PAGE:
Two decades after the genocide, the impact can still be felt; one in four Rwandans suffers from posttraumatic stress disorder and nearly one in every six adults suffers from depression. The challenge to treating this high burden of mental health illnesses is made harder by the limited number of mental health professionals in country. We work in partnership with the Ministry of Health to improve access to quality mental health care to those who need it by implementing a model that is effective in rural low-income settings.
We support Rwanda’s plan to integrate mental health into the primary health care package and decentralize care to the district hospital, health center, and community levels in order to make it accessible to rural populations. We train and mentor health care providers on mental health care at the hospital level, health center level and at community level.
To support the development of a quality mental health care model we work to build the capacity of health care providers from the community level up to hospital staff. Community health workers operate on the frontlines; identifying people living with mental illnesses and connecting them to care. We have trained over 700 community health workers to fight stigma, detect mental health illness, and help patients navigate the health system. We also provide mentorship for community health workers and social workers who regularly visit patients’ homes to ensure their treatment is progressing well and when needed advocate on their patient’s behalf. Mental health illnesses are surrounded by harmful stigma, so we promote educational sessions for families and communities on the realities of mental illness.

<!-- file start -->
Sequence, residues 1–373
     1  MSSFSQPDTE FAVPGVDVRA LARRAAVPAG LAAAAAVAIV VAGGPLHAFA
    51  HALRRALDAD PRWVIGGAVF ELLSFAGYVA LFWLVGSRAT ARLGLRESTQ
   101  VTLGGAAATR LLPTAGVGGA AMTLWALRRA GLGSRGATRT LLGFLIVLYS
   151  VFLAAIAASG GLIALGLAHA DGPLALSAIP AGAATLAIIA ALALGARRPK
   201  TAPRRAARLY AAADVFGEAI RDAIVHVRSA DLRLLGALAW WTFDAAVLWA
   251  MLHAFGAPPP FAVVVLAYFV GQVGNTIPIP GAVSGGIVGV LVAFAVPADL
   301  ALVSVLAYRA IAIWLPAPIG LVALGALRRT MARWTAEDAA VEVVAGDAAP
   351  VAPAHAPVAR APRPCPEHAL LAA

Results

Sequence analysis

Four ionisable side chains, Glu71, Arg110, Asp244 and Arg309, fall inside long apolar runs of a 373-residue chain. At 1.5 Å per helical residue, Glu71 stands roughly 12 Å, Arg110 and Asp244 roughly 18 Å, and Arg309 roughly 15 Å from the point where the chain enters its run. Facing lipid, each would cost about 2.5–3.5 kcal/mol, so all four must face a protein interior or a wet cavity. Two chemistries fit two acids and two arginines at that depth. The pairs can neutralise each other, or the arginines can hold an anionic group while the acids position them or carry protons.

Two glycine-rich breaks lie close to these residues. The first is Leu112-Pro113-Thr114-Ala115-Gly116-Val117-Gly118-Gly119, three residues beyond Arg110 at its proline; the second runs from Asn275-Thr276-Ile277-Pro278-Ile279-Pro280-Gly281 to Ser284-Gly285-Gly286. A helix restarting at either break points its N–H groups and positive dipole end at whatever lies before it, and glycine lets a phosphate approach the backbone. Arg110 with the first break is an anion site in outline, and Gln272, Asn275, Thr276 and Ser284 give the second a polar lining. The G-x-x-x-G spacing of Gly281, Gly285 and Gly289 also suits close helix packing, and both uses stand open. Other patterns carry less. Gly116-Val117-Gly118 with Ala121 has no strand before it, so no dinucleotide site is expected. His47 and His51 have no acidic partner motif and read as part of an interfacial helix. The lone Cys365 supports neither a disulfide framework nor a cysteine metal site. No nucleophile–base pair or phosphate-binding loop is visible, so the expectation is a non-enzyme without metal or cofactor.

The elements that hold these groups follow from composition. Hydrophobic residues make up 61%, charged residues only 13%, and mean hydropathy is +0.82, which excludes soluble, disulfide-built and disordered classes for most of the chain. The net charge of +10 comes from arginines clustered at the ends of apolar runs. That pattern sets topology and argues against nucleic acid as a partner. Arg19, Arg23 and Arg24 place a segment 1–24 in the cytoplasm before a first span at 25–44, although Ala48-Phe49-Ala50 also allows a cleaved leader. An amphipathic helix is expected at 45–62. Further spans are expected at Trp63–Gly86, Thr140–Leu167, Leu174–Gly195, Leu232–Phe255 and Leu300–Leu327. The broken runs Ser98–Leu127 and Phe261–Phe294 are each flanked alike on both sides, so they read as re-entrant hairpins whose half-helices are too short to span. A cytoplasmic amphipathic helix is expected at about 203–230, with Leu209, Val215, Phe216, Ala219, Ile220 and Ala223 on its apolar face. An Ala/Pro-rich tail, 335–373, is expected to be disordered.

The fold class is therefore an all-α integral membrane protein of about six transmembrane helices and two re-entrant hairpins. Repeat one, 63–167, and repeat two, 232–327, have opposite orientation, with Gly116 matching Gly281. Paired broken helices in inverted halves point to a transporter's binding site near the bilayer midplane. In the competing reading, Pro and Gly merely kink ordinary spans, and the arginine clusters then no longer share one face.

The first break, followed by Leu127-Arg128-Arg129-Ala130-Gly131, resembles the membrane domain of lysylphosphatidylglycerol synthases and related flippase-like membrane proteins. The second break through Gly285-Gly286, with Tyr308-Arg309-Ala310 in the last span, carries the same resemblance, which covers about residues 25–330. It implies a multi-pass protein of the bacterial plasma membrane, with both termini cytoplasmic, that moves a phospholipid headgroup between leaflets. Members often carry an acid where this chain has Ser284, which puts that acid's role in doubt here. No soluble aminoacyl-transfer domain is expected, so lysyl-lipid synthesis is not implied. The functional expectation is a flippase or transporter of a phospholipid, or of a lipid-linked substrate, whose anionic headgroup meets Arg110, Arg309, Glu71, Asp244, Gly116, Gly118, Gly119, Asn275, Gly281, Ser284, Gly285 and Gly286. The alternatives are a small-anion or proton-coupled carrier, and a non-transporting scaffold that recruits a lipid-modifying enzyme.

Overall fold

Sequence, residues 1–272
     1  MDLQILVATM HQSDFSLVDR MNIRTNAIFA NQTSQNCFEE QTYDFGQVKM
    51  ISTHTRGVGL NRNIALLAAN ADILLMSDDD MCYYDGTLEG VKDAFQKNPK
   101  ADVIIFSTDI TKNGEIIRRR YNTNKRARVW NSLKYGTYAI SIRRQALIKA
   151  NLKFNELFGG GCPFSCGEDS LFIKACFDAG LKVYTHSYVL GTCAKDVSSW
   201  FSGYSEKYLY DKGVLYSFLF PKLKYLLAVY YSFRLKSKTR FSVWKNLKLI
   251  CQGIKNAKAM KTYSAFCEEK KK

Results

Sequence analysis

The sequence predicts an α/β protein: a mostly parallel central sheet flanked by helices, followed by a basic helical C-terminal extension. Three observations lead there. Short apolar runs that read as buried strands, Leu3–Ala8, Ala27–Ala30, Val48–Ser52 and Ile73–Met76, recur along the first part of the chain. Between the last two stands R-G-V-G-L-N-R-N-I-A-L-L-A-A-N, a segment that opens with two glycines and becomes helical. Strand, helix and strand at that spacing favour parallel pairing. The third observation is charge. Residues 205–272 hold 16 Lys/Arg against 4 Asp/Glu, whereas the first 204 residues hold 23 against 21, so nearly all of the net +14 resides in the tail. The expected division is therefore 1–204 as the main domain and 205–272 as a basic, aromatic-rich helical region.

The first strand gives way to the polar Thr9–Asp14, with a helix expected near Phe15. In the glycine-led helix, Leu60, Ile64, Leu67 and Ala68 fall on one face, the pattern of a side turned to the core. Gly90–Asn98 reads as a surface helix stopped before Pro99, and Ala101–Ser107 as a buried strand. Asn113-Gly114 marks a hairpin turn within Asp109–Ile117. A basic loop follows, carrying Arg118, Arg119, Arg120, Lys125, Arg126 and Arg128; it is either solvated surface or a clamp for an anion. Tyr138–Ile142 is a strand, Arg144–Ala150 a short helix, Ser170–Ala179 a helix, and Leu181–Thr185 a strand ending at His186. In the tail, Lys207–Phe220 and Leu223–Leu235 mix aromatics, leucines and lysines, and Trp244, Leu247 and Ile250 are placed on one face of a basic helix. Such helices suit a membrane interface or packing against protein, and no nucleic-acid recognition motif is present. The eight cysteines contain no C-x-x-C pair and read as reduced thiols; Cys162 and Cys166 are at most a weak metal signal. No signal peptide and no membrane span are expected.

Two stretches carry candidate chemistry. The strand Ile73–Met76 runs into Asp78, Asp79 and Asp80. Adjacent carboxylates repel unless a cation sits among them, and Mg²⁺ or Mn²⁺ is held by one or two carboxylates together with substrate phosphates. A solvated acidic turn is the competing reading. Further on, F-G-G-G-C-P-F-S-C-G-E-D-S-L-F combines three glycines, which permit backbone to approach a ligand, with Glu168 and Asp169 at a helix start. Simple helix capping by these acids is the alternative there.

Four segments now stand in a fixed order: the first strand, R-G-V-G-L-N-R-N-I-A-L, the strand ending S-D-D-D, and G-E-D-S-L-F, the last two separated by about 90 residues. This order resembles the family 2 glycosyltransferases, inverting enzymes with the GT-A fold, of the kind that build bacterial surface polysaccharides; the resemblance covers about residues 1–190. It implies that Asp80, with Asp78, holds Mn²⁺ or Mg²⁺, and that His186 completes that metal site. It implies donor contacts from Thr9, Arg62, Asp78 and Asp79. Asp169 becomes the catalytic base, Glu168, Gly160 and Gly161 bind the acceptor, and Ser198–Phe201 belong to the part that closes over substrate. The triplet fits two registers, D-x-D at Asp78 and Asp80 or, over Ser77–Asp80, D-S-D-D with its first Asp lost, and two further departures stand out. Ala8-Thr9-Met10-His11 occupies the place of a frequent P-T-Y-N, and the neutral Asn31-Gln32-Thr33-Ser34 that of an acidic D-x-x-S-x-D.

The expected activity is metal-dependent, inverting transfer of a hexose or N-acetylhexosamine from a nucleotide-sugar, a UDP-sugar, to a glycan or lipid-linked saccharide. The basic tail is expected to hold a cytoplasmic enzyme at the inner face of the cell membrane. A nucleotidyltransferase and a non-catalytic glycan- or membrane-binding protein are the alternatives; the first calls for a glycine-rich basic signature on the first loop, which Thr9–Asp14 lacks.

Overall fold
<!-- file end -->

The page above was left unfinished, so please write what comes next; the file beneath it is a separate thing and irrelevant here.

We regularly provide trainings in mental health care for nurses working at the health center level and physicians working at the district hospital level. Trainings led by psychiatrists, psychologists and mental health nurses cover topics including assessment and diagnosis, management of mental health disorders, crisis and agitation management, psychiatric interviews, and mental health human rights. These experts provide continued mentorship to physicians in order to improve the quality of care. To strengthen the district hospitals ability to serve mental health patients, our staff provides clinical supervision of mental health cases.
Social and economic support
We believe it is crucial to not only treat a patient’s symptoms, but to also address their social and economic determinants of health. Poverty and stigma can often negatively affect patient outcomes. Community health workers and social workers build connections with patients’ families and communities to create a supportive environment. Poor and vulnerable patients are eligible to receive food packages and have their transportation costs to health facilities covered.
We organize support groups for patients living with mental illnesses to meet up and share their experiences. We also lead psycho-rehabilitation programs that teach patients useful and therapeutic skills like how to create handicrafts or care for animals.
Scaling-up mental health care
We have implemented our innovative model of mental health care in all 19 health center and the district hospital in the mountainous district of Burera in northern Rwanda. Our interventions are currently serving more than 3,500 patients , but this is just the beginning. Based on our experience and lessons learned, we are planning to expand our program to the two other districts we support; Kayonza and Kirehe. The Government of Rwanda is planning to replicate the model we developed in Burera to other districts. We continue to play a key role as advisers to the Ministry of Health as they work to make mental health care accessible to all Rwandans.